Read the first blog post in the series by clicking on this link: What is Workers’ Compensation?

Prior results do not guarantee outcomes.
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How To Prepare For Your Workers’ Compensation Hearing

If you have a serious injury on the job and file a claim for workers’ compensation benefits you will most likely at some point in time have to attend a hearing before the Workers’ Compensation Board. The hearing process can be daunting to many first time attendees. They don’t know what to expect; what to bring or in many cases even what to wear. Those who have attended hearings are upset about the fact that they have to wait for a long period of time in a huge waiting room only to be rushed in and out of the hearing courtroom or “part” in a matter of minutes. They complain that while sitting inside a hearing “part”, the parties all seem to be speaking in codes and abbreviations and they don’t seem to really understand what has occurred. 

I am hoping that by providing information to you the hearing process does will not be as overwhelming and as confusing as it seems. When I first started in the practice, the board regularly scheduled hearings for any and all outstanding issues including need for treatment and or surgery. Most injured workers had numerous hearings before the workers’ compensation board with the same judge presiding and in many times the same insurance representative. Hearings were scheduled every 3-4 months untill the case was resolved which could take about 2 years.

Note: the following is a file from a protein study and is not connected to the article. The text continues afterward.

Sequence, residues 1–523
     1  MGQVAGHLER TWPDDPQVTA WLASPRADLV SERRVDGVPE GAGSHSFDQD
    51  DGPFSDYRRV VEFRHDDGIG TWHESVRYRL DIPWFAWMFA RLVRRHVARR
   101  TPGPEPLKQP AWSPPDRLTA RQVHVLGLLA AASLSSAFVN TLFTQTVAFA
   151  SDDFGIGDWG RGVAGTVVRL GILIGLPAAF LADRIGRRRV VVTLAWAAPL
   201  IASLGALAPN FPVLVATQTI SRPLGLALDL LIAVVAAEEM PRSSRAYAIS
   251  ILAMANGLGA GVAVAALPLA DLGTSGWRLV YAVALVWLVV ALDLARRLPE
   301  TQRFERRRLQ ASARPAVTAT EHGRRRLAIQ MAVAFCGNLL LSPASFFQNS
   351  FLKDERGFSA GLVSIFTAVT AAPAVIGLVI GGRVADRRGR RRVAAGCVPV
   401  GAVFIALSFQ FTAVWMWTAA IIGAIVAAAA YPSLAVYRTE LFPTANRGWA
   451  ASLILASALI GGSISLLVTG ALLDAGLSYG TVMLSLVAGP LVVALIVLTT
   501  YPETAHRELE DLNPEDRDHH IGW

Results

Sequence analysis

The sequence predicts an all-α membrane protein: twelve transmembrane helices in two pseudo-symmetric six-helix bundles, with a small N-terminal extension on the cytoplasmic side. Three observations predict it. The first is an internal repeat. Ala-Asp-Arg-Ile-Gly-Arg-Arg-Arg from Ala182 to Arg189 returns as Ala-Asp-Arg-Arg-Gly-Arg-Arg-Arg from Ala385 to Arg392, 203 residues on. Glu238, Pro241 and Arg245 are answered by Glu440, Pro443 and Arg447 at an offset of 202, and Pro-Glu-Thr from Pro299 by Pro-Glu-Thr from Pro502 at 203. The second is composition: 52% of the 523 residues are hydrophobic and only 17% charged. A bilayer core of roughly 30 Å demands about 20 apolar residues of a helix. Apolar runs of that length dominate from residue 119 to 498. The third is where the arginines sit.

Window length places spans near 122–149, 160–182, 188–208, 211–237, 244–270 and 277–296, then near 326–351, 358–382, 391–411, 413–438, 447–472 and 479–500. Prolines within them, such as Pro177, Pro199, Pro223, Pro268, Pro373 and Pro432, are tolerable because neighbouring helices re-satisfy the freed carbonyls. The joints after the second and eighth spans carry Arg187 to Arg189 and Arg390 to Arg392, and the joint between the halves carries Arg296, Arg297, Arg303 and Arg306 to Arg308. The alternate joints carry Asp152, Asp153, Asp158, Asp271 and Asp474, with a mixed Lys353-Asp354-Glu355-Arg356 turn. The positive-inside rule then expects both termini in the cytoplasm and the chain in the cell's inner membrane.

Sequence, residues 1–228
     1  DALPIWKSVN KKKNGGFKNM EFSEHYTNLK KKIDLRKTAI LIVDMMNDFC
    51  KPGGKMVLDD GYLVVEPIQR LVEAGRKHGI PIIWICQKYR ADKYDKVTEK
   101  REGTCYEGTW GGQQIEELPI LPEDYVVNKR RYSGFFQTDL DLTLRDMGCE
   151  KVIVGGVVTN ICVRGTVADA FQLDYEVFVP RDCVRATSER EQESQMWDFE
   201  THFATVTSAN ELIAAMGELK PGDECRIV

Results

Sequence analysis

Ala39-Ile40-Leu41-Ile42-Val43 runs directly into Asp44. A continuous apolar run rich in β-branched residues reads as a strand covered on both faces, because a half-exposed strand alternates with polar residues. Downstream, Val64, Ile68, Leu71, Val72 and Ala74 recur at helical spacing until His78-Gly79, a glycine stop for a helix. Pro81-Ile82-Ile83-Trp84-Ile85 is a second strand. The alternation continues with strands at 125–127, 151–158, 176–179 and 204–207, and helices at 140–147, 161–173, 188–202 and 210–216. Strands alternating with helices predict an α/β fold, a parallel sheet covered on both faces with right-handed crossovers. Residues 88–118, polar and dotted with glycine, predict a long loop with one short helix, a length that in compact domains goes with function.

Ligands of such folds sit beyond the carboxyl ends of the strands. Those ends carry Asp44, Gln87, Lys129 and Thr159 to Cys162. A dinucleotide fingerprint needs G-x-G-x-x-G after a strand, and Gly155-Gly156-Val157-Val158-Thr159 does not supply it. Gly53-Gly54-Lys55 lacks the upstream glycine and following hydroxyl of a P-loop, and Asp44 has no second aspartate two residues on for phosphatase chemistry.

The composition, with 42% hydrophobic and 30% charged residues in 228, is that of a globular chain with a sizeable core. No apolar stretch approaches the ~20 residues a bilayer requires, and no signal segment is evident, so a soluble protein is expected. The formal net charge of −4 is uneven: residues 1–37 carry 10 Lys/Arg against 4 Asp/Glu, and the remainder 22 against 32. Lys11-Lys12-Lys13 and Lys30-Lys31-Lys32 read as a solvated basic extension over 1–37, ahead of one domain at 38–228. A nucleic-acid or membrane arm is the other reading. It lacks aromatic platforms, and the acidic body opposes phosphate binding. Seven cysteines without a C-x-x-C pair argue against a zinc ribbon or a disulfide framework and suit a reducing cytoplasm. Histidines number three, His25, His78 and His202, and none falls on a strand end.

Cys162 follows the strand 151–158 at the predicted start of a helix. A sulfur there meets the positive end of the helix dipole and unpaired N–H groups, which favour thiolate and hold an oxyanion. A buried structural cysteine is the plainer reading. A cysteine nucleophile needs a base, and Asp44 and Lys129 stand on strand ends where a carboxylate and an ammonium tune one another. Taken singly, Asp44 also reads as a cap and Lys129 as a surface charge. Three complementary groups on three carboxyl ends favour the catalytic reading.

Today however things are radically different. Most times medical requests are dealt with in-house. The medical treatment guidelines lay out specifically what is pre authorized if certain medical conditions apply. If the treating doctor wishes to pursue treatment outside the scope of the treatment guidelines he must request it and this may be authorized or denied. These requests and denials are all done through paperwork and the injured worker unfortunately has very little to say in the matter.

The amount of hearings has declined tremendously so if you are not represented by an attorney you need to be prepared. 

  • Put together a file. 
  • Make sure any administrative decisions have established all sites of injury you are claiming. If not, you need to tell the judge that you have a claim for other sites and you will be directed to produce medical where appropriate. 
  • While your treating physician should be submitting regular medical reports to the workers’ compensation board and insurance carrier, you should always have your own copies of your medical records including diagnostic studies. 
  • You are entitled to reimbursement for mileage and prescriptions related to your claim. Bring copies of bills and mileage requests if the carrier has failed to reimburse you for these expenses. 
  • You should bring copies of all pertinent paperwork with you to proceed with your claim. 
  • Do not ever come late to a hearing but bring reading material as many cases rarely start at the time indicated. However if you are late the judge will probably not recall your case and now you must wait for a rehearing. 
  • You should be dressed appropriately and while a suit is not required, be mindful of the fact that you are appearing in a court room. 

The key to being your own successful advocate is to be prepared, be polite and be patient. 

Prior results do not guarantee outcomes.